No More Capital Confusion

At least once a day, a stranger approaches me in the street and says, “You look like an English major! Can you help me capitalize this title, headline, or section heading!”

I’m exaggerating, of course, but this question comes up a lot. And the answer is rarely as difficult as you think.

First, find out if your organization has its own style guide. If it does, it will probably include directions for capitalizing titles. I’ve seen some company style guides that capitalize every word in a title, and others that say to use the same capitalization rules as an ordinary sentence.

If there’s no proprietary style guide, it’s very likely your organization adheres to the Associated Press Stylebook, the MLA Handbook, the Chicago Manual of Style, or another major style guide. Once you know which one to use, just go to Capitalize My Title, plug in the text, and presto!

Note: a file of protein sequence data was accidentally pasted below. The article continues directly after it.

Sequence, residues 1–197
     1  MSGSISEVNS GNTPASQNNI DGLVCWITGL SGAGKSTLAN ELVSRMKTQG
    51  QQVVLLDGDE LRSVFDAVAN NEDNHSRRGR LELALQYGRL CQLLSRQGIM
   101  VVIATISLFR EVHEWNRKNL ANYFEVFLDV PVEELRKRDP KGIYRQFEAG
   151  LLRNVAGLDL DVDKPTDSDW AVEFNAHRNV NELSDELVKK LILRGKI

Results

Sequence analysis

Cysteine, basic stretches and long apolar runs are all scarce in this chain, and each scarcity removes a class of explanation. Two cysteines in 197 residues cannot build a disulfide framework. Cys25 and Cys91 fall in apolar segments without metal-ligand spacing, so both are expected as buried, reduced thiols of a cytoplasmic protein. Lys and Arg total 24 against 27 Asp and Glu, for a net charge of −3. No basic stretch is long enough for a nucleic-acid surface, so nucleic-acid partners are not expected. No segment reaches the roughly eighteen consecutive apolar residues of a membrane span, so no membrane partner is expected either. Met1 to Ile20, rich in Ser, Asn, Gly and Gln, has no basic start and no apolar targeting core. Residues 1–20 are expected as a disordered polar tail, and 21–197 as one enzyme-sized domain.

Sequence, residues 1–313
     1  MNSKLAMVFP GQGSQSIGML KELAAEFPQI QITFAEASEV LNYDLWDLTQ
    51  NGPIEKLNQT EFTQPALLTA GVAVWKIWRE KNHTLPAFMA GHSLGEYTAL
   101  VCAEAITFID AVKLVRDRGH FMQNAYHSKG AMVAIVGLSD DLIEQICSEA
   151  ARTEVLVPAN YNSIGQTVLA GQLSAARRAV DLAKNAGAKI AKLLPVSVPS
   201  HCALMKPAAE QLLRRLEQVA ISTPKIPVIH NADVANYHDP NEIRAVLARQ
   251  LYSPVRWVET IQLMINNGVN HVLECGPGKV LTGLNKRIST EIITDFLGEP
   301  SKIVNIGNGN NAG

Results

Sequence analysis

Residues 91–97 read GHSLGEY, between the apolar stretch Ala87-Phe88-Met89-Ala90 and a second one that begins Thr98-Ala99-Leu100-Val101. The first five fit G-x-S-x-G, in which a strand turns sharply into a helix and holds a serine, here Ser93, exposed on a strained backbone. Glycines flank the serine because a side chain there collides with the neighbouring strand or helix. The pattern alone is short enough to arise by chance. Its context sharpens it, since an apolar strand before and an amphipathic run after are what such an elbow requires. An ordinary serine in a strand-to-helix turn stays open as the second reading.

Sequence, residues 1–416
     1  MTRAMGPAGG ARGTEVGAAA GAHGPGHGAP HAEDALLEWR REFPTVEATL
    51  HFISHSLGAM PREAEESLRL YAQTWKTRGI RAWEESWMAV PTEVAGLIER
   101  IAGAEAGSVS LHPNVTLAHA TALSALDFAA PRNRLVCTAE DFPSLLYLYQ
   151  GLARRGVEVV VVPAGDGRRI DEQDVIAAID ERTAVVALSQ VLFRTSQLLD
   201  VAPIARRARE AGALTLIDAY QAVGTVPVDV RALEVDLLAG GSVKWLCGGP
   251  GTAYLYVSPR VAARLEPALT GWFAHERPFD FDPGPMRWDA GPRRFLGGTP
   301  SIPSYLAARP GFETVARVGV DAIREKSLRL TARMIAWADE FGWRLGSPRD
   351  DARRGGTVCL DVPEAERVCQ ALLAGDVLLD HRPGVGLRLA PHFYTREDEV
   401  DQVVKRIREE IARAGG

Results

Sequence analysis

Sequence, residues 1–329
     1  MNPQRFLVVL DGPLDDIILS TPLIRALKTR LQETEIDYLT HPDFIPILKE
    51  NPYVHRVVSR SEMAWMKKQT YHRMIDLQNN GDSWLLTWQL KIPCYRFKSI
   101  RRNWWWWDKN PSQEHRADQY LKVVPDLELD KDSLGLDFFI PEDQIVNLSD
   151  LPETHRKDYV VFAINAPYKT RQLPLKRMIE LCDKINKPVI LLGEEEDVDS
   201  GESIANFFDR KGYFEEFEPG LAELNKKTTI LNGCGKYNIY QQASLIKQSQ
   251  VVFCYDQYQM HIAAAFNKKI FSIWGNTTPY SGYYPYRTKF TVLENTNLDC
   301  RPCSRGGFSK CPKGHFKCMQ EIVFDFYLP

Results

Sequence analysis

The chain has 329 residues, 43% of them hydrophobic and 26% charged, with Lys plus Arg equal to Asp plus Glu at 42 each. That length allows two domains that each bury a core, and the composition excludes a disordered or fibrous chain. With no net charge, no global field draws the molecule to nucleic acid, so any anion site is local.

Here are the rules I use when there’s no style guide to follow:

Don’t Capitalize These Words (Unless They’re the First or Last Words of the Title):

  • Any preposition that’s less than four letters long, such as to and by
  • Any article that’s less than four letters long, such as a, me, my, you, our, it, or its
  • Any conjunction, such as and, but, and or

Capitalize Everything Else, Including:

  • Every pronoun, such as me, my, you, our, it, or its
  • Every verb — even short ones such as is and am

Happy capitalizing!